NPR is funded by taxpayers anyway, so it's not like they really got local funding in the first place. Maybe it's because I am a 'Techy" person who uses the internet constantly, but there is not a single service that NPR offers that I can not find online.

A state budget crisis in Kansas could financially cripple the Amarillo region's only public radio station.

High Plains Public Radio could lose nearly a quarter of its operating budget if the Kansas legislature approves Gov. Sam Brownback's proposal to slash all funding for public broadcasting.

Such a decision would put High Plains' signal in the area at risk of being silenced.

And though Amarillo provides High Plains' largest listener base, the station, because it is based in Garden City, Kan., does not receive state funds from Texas.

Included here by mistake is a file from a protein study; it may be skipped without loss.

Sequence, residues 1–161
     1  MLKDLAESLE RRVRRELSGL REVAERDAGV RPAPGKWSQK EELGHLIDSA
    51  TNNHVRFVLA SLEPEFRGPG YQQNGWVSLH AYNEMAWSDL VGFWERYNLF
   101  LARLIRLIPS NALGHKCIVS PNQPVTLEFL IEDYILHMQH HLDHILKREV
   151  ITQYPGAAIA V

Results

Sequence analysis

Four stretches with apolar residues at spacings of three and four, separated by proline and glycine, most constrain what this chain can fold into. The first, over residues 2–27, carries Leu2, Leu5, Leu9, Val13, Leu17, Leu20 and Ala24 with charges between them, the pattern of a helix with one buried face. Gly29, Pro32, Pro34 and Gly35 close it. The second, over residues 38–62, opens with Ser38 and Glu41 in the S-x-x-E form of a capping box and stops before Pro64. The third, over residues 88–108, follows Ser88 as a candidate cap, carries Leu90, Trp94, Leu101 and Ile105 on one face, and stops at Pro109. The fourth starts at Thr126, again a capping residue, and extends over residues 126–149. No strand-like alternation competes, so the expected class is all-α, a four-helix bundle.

"Maintaining a physical presence and staff in Amarillo is very important to us," said Deb Oyler, executive director of High Plains. "But there could be some cuts that need to happen, and those cuts could go deep."

High Plains has broadcast throughout the Texas Panhandle since 1998 and has operated a studio at 101 S.W. Fifth Ave. in downtown Amarillo since 2007.

The organization receives about 22 percent of its operating budget from the state of Kansas.

An almost $500 million budget shortfall in Kansas, however, prompted Brownback to propose eliminating $1.6 million to the Kansas Public Broadcasting Council. High Plains is a member of the council, along with four other radio stations and four TV stations.

High Plains' allocation of that money is about $289,000, Oyler said.

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